European regulator says Johnson & Johnson vaccine benefits outweigh risks
Europe’s drug regulator said Tuesday that it’s recommending a warning be added to the Johnson & Johnson COVID-19 vaccine about a possible link to blood clots, but noted they are “very rare” and the benefits still outweigh the risks.
In response, the company said it will resume its vaccine rollout in Europe.
J&J had decided to delay its rollout in the EU’s member states last week, after U.S. regulators called for a pause on the vaccine following concerns about the potential serious side effect.
“The reported combination of blood clots and low blood platelets is very rare, and the overall benefits of COVID-19 Vaccine Janssen in preventing COVID-19 outweigh the risks of side effects,” the European Medicines Agency (EMA) said in a statement.
Just eight cases of the blood clots out of about 7 million people who received the single-dose vaccine have been identified in the U.S., the agency noted.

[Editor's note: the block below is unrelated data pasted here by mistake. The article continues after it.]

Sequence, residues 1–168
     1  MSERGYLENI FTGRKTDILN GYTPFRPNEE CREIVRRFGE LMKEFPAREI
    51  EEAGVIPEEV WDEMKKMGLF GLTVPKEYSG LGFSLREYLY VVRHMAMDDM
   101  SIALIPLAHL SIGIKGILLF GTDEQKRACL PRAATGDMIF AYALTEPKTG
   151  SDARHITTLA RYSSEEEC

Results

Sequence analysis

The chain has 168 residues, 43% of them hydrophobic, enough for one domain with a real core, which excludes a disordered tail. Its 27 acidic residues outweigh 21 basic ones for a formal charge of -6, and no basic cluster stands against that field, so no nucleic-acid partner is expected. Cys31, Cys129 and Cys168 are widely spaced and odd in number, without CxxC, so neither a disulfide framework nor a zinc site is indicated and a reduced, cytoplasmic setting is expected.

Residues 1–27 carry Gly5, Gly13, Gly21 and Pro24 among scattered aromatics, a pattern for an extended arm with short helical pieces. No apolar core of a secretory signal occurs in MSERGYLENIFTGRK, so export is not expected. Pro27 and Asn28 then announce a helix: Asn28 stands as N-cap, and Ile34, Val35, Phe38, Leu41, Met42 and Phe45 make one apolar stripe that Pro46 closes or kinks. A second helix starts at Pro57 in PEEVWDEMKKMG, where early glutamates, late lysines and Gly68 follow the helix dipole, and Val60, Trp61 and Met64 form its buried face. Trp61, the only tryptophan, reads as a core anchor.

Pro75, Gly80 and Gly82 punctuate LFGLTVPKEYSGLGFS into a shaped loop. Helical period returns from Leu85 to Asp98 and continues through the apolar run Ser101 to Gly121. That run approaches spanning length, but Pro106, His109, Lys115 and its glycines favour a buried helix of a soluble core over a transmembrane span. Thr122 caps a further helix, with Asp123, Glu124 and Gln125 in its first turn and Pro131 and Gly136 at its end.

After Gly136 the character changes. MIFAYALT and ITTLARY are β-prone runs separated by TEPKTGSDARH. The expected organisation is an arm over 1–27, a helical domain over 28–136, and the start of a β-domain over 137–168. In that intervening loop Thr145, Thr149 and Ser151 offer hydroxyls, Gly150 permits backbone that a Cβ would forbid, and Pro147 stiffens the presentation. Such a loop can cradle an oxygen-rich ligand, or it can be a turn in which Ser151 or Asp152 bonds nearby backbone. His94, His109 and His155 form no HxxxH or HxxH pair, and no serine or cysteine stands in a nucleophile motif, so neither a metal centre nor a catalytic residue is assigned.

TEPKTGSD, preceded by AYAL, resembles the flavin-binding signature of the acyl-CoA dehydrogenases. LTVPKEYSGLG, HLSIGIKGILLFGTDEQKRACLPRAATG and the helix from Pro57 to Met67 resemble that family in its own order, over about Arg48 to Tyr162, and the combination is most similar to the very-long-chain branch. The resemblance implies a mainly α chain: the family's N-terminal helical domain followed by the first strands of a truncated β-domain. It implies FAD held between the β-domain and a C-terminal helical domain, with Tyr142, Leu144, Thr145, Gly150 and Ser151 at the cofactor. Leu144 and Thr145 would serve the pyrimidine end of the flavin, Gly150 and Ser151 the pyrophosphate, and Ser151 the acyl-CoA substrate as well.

Next move? The EMA’s decision could foreshadow what U.S. regulators will decide on Friday, when a Centers for Disease Control and Prevention (CDC) advisory committee meets again. The panel of experts previously met last week, but they put off a decision on what to do about the vaccine until another meeting this Friday because of a lack of evidence. That delay drew criticism from some experts, who said there was no good reason to prolong the pause.
Seen it before: The EMA noted that similar instances of rare blood clots have been linked to a different COVID-19 vaccine, from AstraZeneca. Use of that vaccine has resumed after pauses in some countries in Europe, though some nations have added age restrictions.
The clotting cases with the Johnson & Johnson vaccine have mostly been in women under 60 years of age.